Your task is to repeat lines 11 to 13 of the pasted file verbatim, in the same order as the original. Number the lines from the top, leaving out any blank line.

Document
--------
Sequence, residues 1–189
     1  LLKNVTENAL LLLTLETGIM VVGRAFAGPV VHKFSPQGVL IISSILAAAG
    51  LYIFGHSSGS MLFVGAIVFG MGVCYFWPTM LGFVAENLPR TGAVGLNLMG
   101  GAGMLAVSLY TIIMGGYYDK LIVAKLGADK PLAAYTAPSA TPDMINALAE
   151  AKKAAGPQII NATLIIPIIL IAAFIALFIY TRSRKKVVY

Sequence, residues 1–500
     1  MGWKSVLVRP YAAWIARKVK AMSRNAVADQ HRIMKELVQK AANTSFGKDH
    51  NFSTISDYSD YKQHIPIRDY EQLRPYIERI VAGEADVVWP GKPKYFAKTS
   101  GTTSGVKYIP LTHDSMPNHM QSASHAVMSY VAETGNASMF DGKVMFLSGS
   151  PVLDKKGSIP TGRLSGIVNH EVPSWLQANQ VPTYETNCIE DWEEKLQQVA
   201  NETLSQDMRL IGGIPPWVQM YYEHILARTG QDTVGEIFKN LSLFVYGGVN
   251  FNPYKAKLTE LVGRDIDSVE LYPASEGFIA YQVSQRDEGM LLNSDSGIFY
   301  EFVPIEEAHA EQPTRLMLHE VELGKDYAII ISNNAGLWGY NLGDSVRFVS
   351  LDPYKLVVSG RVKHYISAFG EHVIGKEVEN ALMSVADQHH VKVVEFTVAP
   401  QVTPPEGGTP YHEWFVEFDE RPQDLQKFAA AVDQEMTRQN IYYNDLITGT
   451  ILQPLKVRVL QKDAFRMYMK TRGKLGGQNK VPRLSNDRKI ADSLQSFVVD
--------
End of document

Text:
   201  NETLSQDMRL IGGIPPWVQM YYEHILARTG QDTVGEIFKN LSLFVYGGVN
   251  FNPYKAKLTE LVGRDIDSVE LYPASEGFIA YQVSQRDEGM LLNSDSGIFY
   301  EFVPIEEAHA EQPTRLMLHE VELGKDYAII ISNNAGLWGY NLGDSVRFVS